orbits of ACS and NICMOS imaging, we will measure this object’s
morphology and spectral energy distribution, thus searching for either
active nuclei or old stellar populations. We will also search for
possible neighbors, which could establish the first known galaxy group
at z>6, and may provide sufficient ionizing flux to allow the escape
of the observed Lyman alpha photons in a neutral universe. If
neighbors are not found, it will lead to an upper bound on the neutral
fraction in the general IGM at z=6.5.


The Formation and Evolution of Spirals: An ACS and WFPC2 Imaging
Survey of Nearby Galaxies

Over 50% of galaxies in the local universe are spirals. Yet the star
formation histories and evolution of this crucial population remain
poorly understood. We propose to combine archival data with new
ACS/WFC and WFPC2 observations of 11 galaxies, to tackle a
comprehensive investigation of nearby spirals covering the entire
spiral sequence. The new observations will fill a serious deficiency
in HST’s legacy, and maximize the scientific return of existing HST
data. The filter combination of UBVI, and Halpha is ideal for studying
stellar populations, dust properties, and the ISM. Our immediate
scientific objectives are: {i} to use the resolved cluster
populations, both young massive clusters and ancient globular clusters
as a chronometer, to understand how spirals assembled as a function of
time; {ii} study the rapid disruption properties of young clusters;
and {iii} understand dust distributions in spirals from pc to kpc
scales. Each of these goals provides an important step towards
charting the evolution of galaxies, and an essential baseline for
interpreting the galaxy populations being surveyed in both the early
and present universe. The resolution of our survey, which exploits the
excellent imaging capabilities of HST’s two optical cameras, will
enable us to understand the record of star cluster, and galaxy
formation in a level of detail which is not possible for more distant
systems. Finally, the proposed observations will provide a key to
interpret an extensive, multiwavelength archive of space- and ground-
based data at lower spatial resolution {SPITZER, CHANDRA, GALEX,
NICMOS P alpha and H band imaging} for local spirals.

NIC1 10143

Ultracool companions to the nearest L dwarfs

We propose to conduct the most sensitive survey to date for low mass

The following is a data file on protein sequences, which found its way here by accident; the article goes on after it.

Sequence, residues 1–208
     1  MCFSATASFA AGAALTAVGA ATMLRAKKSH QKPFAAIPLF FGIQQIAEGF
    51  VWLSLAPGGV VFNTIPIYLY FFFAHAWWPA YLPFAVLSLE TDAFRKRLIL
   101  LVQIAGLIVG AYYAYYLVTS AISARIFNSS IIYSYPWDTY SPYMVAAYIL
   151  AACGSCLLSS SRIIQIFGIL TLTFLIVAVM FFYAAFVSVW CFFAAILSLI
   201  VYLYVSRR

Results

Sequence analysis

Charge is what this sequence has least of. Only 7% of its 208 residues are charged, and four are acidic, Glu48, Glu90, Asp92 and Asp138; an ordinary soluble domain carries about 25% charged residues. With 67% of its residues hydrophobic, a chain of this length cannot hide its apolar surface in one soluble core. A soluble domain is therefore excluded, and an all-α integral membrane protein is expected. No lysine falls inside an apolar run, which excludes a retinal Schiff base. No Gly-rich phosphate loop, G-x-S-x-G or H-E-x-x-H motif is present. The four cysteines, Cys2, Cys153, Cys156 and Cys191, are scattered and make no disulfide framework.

companions to nearby L dwarfs. We will use NICMOS to image targets
drawn from a volume-complete sample of 70 L dwarfs within 20 parsecs.
The combination of infrared imaging and proximity will allow us to
search for T dwarf companions at separations as small as 1.6 AU. This
is crucial, since no ultracool binaries are currently known with
separations exceeding 15 AU. Only 10 dwarfs in this sample have
previous HST observations primarily at optical wavelengths. With the
increased sensitivity of our survey, we will provide the most
stringent test to date of brown dwarf models which envisage formation
as ejected stellar embryos. In addition, our observations will be
capable of detecting binaries with mass ratios as low as 0.3, and will
therefore also test the apparent preference for equal-mass ultracool
binaries. Finally, our observations offer the best prospect to date of
detecting companions significantly cooler than the coolest t dwarf
currently known.


NICMOS Post-SAA calibration – CR Persistence Part 1.

A new procedure proposed to alleviate the CR-persistence problem of
NICMOS. Dark frames will be obtained immediately upon exiting the SAA
contour 23, and every time a NICMOS exposure is scheduled within 50
minutes of coming out of the SAA. The darks will be obtained in
parallel in all three NICMOS Cameras. The POST-SAA darks will be
non-standard reference files available to users with a USEAFTER
date/time mark.

WFPC2 10132

UV Confirmation of New Quasar Sightlines Suitable for the Study of
Intergalactic Helium

The reionization of intergalactic helium is thought to have occurred
between redshifts of about 3 and 4. The study of HeII Lyman-alpha
absorption towards a half-dozen quasars at 2.7 < z < 3.5 demonstrates the great potential of such probes of the IGM, but the current critically-small sample limits confidence in resulting cosmological inferences. The requisite unobscured quasar sightlines to high-redshift are extremely rare, especially due to severe absorption in random intervening Lyman-limit systems, but SDSS provides hundreds of bright, new quasars at such redshifts potentially suitable for HeII studies. Our cycle 13 SNAP program proposes to verify the UV detectability of 40 new, bright, z>2.9 SDSS quasars, but with special
emphasis on extending helium studies to the highest redshift
sightlines. Our proposed approach has already proven successful, and
additional sightlines will enable follow-up spectal observations to
measure the spectrum and evolution of the ionizing background
radiation, the density of intergalactic baryons, and the epoch of
reionization of the IGM.

WFPC2 10360


This calibration proposal is the Cycle 13 routine internal monitor for
WFPC2, to be run weekly to monitor the health of the cameras. A
variety of internal exposures are obtained in order to provide a
monitor of the integrity of the CCD camera electronics in both bays
{gain 7 and gain 15}, a test for quantum efficiency in the CCDs, and a
monitor for possible buildup of contaminants on the CCD windows.


Significant Spacecraft Anomalies: (The following are preliminary
reports of potential non-nominal performance that will be
investigated.) None



                            SCHEDULED     SUCCESSFUL    FAILURE TIMES
FGS Gsacq                10                        10
FGS Reacq                06                         06
Update              14                         14


SpaceRef staff editor.